DVD Review: Capitalism: A Love Story
To call Michael Moore a polarizing figure is an understatement, but his latest film, Capitalism: A Love Story, is simultaneously his most provocative work yet, and also his most understated and least hyperbolic. Which sounds like a contradiction, but Moore has learned the lessons of his past few films (and, more specifically, the reaction to them), and focuses more on hard facts and real-life anecdotes like he did in Sicko, as opposed to bending the truth to make his point like he occasionally did in Fahrenheit 9/11 (which Moore himself admits is less of a proper documentary than it is a “filmed essay”), and the result is a movie with the emotional power of his early work like Roger & Me and the best parts of Bowling for Columbine and the more mature, quasi-journalistic style of the better-regarded Sicko. Examining the collapse of the American economy, Capitalism: A Love Story is in many ways the film Moore has been building to for his entire career, to the point that it’s almost a sequel to 1989’s Roger & Me, and it sees Moore continuing his shift from political agitator to activist. Unlike some of his previous films and TV series, in Capitalism, Moore is less interested in making fools of his subjects or getting easy laughs from the audience (though the movie is also very, very funny) than he is making a point about what he feels is wrong with America, and it’s a wise move. The lack of cheap-shots makes the film seem more like a legitimate documentary (albeit one with a definite point of view, which is something most documentaries have nowadays) and less like a political screed, and given the importance of the message Moore is trying to convey, it’s a canny decision, and short-circuits much of the usual criticism his movies garner.
Capitalism sees Moore at his best as an advocate for the working class, and as much as I realize that he’s probably a millionaire a few times over himself, he’s toned down the rhetoric in this film, so there’s less opportunities for him to come across as disingenuous when he discusses the plight of blue-collar folks. He may not be a middle-class guy himself these days, but his anger at the fact that the secure, middle-class lifestyle he enjoyed when he was a kid has basically vanished from America seems very real, and he’s hell-bent on exposing what he sees as the corrupt political and corporate forces that are eroding the middle class. Moore, a former seminary student, returns again and again to the moral implications of capitalism, repeatedly asking whether Jesus (or any other religious figure) would be on the side of the tiny fraction of Americans that control most of the country’s wealth (who also seem to invoke Jesus’ name quite a bit) or on the side of the underpaid, exploited masses. In past films, Moore’s moral outrage can seem like an act, but I totally bought it this time around.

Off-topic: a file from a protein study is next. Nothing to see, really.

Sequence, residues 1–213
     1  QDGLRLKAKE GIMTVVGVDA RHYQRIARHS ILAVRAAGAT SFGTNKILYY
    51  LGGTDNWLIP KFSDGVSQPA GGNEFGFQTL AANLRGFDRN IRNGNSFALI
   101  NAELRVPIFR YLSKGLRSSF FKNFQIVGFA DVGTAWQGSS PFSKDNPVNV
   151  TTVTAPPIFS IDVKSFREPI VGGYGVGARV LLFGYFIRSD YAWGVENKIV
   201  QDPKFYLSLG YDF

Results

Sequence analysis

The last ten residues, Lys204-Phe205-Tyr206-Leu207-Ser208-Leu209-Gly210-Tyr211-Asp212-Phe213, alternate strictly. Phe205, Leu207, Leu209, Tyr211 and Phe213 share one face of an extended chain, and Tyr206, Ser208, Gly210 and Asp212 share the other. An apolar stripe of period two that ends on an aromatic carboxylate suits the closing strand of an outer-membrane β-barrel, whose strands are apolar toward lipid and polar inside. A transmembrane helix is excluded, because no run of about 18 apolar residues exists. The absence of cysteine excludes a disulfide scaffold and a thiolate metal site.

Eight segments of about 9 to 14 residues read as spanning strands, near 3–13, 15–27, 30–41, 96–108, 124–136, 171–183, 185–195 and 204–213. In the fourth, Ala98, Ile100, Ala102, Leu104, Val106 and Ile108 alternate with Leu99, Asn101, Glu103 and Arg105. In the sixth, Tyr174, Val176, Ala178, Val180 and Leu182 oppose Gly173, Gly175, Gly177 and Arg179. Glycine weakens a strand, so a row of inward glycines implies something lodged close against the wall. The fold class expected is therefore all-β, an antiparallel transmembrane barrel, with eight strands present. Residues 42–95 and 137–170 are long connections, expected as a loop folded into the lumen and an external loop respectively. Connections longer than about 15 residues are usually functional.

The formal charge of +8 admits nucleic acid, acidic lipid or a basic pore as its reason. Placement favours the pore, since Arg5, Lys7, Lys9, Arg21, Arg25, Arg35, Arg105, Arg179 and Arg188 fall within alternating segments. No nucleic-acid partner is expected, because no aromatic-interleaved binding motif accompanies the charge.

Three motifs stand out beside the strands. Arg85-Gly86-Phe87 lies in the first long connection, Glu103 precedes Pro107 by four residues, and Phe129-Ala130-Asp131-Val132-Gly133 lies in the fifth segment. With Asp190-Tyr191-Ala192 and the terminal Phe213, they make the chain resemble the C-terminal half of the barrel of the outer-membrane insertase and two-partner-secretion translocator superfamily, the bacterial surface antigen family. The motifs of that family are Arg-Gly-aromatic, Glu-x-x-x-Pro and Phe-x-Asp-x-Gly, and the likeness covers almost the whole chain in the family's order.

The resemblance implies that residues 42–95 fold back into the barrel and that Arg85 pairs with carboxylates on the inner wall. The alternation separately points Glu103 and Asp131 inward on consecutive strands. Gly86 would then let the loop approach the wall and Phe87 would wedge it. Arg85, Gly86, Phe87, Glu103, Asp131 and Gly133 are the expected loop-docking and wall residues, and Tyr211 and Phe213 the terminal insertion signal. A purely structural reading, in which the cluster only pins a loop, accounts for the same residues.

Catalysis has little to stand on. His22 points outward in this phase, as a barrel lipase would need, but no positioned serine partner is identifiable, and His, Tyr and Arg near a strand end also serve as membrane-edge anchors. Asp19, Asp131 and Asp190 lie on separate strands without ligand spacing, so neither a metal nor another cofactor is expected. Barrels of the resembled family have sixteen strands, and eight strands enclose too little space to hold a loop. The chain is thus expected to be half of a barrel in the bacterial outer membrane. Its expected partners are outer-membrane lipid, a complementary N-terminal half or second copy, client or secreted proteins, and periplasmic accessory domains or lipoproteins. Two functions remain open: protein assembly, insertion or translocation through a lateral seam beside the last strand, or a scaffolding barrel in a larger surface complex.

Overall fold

Moore is angry in this film, but he doesn’t make himself the centre of the proceedings. He’s learned the lessons of Sicko (that sometimes it’s easier to get your point across without all the histrionics), and it seems like he’s internalized some of the criticisms against him, particularly after Fahrenheit 9/11. He barely appears in the film other than in voiceover (he still appears onscreen several times, but he’s nowhere near as much of a presence as he was in Fahrenheit or Columbine, and it’s a wise decision, particularly given the politically sensitive nature of the subject matter and how divisive a figure he is). Moore’s smart enough to realize how politically touchy it is to basically make a documentary about how American capitalism has failed and destroyed much of the country, both literally and figuratively, especially in America, and he constructs the film wherever possible as a simple presentation of facts. Moore sniffs out examples of capitalism run amok (like teenagers unjustly thrown in juvenile detention, sometimes over the objections of probation officers, because a local judge had cut a deal with the private company that built the for-profit detention center to keep the flow of kids coming so the company could make more money with more inmates), and in contemporary America, it’s not hard to find examples of lower-middle class people getting screwed over by the horribly broken system. It would be tough to argue against the points Moore makes in Capitalism: A Love Story without resorting to partisan name-calling or talking-points or just blind devotion to a system that any reasonably intelligent person can see is simply no longer working. The only arguments against Moore’s thesis in the film, which is basically that capitalism has gone too far and replaced democracy in America (as opposed to remaining just an economic system that runs alongside democracy) are either that no, everything’s actually just fine (which probably means you’re one of the 1% that controls the vast majority of the wealth in America) or that it’s unpatriotic or sacrilegious to even begin to question the sanctity of the capitalist system, which is the propaganda that those in power have been selling for years.